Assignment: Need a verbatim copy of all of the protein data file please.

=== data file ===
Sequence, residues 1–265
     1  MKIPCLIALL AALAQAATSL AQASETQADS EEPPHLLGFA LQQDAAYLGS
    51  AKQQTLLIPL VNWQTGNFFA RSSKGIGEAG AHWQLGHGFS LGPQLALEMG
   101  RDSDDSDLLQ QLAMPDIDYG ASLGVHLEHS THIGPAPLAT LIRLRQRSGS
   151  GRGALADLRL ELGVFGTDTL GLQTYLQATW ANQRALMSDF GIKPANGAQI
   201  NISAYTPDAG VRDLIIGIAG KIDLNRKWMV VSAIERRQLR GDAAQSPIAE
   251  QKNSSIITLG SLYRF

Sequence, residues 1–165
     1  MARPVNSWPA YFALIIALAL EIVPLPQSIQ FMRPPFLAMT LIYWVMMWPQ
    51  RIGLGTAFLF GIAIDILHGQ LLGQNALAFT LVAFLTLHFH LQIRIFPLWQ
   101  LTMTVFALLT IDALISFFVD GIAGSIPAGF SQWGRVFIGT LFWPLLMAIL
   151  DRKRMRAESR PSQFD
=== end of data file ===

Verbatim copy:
Sequence, residues 1–265
     1  MKIPCLIALL AALAQAATSL AQASETQADS EEPPHLLGFA LQQDAAYLGS
    51  AKQQTLLIPL VNWQTGNFFA RSSKGIGEAG AHWQLGHGFS LGPQLALEMG
   101  RDSDDSDLLQ QLAMPDIDYG ASLGVHLEHS THIGPAPLAT LIRLRQRSGS
   151  GRGALADLRL ELGVFGTDTL GLQTYLQATW ANQRALMSDF GIKPANGAQI
   201  NISAYTPDAG VRDLIIGIAG KIDLNRKWMV VSAIERRQLR GDAAQSPIAE
   251  QKNSSIITLG SLYRF

Sequence, residues 1–165
     1  MARPVNSWPA YFALIIALAL EIVPLPQSIQ FMRPPFLAMT LIYWVMMWPQ
    51  RIGLGTAFLF GIAIDILHGQ LLGQNALAFT LVAFLTLHFH LQIRIFPLWQ
   101  LTMTVFALLT IDALISFFVD GIAGSIPAGF SQWGRVFIGT LFWPLLMAIL
   151  DRKRMRAESR PSQFD